If you are going to read only one book on GDP, Diane Coyle’s “GDP: A Brief but Affectionate History” should be it. More important, you should read a book on GDP, as many of the political debates of our time revolve around this concept. Can we afford our current path of entitlement spending? Was the Obama fiscal stimulus worth it? When will China overtake the United States as the world’s largest economy?
The answers all depend on GDP. In 140 pages of snappy text, Coyle lays out what GDP numbers measure, what roles they play in economic policymaking and forecasting, and how GDP numbers can sometimes mislead us, albeit not in the way many current critics suggest.
If you need to be convinced of the importance of good GDP numbers, look to sub-Saharan Africa. We don’t know how well a lot of those nations are really doing. In 2010, as Coyle notes, Ghana made its GDP go up 60 percent overnight just by changing its measurement conventions. That’s not a good sign for the accuracy of either the old or the new numbers. One reason the United States responded better to the recent financial crisis than to the crash of 1929 was that 21st-century policymakers had better and more timely numbers about the true health of the economy.
The main problem with GDP is that in popular discourse and in the financial press, it tends to displace other indicators of how the economy is doing, much as the Dow and the S&P 500 tend to crowd out other indicators of the stock market. I, for one, would welcome the advent of a new economic statistic — call it “GDP revised.” Coyle notes, “We might move toward a different approach in time.”
In my vision of such a revision, at least one version of revised GDP would no longer count spending on defense or domestic security, because each of those is geared toward avoiding destruction rather than providing enjoyable goods and services; as an intermediate good, the value of security will be picked up in any case by the production of the other goods and services it enables. I also would not count education, another intermediate good; we spend more and more on it, and our GDP measures are valuing how much we spend and not how much we learn. Let’s also consider that perhaps one-third or more of U.S. health-care spending is wasteful, and chop that off, too. With such a number in hand, the narrative of recent U.S. economic history probably would look less promising. It might help explain, for instance, why the income for the median or typical household has risen only slightly since 1973.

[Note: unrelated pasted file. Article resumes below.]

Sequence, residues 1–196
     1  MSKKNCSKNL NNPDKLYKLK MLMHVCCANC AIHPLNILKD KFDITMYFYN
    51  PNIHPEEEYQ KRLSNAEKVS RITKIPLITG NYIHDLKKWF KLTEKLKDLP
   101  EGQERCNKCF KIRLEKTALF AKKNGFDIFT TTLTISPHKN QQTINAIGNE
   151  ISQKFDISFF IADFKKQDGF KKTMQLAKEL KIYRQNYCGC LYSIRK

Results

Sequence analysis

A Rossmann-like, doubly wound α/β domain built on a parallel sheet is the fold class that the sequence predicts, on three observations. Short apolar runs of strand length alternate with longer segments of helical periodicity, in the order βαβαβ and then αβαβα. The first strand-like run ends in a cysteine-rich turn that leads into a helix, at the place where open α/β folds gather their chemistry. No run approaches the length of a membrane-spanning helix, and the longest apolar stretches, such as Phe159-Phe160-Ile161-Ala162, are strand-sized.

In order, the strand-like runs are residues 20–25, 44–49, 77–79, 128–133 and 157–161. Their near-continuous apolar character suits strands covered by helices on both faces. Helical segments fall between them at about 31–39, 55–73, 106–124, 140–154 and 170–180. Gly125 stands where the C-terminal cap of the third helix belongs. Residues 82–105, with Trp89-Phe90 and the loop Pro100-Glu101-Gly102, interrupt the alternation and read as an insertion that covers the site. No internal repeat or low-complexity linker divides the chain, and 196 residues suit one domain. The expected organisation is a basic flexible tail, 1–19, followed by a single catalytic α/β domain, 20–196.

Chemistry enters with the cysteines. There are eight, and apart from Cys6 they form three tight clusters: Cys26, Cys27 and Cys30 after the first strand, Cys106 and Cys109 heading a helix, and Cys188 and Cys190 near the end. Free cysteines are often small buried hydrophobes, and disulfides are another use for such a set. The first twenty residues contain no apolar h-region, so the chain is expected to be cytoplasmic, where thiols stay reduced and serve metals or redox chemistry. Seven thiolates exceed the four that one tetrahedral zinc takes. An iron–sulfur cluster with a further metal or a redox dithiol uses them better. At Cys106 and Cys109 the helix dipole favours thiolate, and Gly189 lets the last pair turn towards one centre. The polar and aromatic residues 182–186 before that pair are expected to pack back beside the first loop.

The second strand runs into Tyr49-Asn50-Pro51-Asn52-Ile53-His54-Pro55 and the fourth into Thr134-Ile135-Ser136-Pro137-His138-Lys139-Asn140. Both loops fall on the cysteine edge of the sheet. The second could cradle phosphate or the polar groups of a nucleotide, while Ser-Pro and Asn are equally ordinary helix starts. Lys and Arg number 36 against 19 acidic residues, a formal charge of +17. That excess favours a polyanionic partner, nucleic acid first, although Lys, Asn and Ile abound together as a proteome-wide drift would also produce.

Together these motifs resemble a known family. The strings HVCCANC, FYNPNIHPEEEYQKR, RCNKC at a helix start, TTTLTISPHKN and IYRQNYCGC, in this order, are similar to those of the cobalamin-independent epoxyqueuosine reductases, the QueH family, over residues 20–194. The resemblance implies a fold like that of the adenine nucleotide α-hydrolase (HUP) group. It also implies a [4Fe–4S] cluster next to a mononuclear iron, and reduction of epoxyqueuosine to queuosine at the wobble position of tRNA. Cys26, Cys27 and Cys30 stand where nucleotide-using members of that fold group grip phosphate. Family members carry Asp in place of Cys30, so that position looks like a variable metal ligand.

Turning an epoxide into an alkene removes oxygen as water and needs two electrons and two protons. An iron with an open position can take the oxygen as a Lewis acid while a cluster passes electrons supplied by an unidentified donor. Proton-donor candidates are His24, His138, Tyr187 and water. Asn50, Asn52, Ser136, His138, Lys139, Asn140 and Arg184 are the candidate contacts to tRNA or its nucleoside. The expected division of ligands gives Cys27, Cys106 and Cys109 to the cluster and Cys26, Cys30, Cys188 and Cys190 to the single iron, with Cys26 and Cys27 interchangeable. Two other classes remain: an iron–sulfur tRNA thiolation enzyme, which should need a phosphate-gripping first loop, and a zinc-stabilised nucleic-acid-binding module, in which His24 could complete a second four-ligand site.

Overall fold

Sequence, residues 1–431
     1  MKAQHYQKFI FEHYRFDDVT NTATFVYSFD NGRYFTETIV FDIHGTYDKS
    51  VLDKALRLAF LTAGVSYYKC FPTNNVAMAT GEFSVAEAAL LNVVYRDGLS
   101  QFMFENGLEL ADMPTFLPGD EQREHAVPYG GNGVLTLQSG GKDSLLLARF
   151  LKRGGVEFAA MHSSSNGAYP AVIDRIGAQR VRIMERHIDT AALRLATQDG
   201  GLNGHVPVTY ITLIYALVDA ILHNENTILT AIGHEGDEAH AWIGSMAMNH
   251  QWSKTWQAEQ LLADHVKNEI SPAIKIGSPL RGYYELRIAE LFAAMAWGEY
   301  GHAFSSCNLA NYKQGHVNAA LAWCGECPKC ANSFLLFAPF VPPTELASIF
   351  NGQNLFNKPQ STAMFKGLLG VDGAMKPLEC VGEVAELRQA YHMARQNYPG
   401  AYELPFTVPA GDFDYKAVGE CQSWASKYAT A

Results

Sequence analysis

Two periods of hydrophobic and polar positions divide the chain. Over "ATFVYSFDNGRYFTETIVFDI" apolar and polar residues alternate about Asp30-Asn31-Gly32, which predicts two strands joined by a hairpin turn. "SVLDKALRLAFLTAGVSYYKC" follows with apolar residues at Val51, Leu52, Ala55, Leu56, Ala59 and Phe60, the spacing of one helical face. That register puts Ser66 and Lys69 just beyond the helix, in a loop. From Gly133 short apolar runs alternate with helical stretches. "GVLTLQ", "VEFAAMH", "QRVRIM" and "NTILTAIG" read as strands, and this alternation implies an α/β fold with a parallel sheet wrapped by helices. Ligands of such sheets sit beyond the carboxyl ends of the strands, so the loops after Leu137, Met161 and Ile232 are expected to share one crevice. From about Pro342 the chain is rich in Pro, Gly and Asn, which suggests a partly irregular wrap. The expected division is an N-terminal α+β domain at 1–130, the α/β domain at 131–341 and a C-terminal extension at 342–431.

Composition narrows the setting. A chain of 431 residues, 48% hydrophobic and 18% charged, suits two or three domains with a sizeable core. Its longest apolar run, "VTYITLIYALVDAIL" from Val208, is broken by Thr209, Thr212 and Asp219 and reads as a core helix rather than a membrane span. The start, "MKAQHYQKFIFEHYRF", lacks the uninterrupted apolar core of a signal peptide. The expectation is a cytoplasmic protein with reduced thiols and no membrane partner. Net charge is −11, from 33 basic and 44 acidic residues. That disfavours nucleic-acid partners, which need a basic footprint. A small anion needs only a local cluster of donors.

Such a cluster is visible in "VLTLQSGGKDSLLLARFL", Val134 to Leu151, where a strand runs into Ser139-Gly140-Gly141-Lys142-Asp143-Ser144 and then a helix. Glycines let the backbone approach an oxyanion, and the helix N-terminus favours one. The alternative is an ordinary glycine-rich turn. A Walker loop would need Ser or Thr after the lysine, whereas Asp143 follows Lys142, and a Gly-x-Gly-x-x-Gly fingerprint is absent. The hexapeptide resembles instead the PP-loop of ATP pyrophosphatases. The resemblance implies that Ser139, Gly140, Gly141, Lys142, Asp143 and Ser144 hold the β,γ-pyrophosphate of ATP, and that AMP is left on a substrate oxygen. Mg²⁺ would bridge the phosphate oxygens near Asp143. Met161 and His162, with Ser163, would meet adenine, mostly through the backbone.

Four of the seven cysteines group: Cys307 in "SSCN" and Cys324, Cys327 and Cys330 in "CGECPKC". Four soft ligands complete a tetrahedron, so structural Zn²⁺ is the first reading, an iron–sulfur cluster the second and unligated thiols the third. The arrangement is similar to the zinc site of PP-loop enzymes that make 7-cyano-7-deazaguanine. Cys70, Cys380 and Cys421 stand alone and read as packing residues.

Yet markets are developing new innovations whose benefits probably are undervalued by the GDP concept. This is the potential revision to GDP that commands the most attention from Coyle. For instance, consumers attach great value to Facebook, Google and Wikipedia, all of which are absolutely free to their users and do not enter directly into GDP calculations. I would go further yet, noting that the modern world also better matches plans and goals. Perhaps you can meet your ideal spouse on Match.com or at least pick up cheaper collectibles, better suited to your taste, on eBay. Who makes mistaken purchases of music these days, when you can hear a lot of the songs in advance online? Just about everything is reviewed online, which helps us spend with greater effectiveness. These gains are not well-represented by the older methods of calculating GDP.
I sometimes call myself a happiness optimist but a revenue pessimist. Think of a world where life feels a lot better than what the economic numbers are suggesting but your ability to pay the bills is not improving.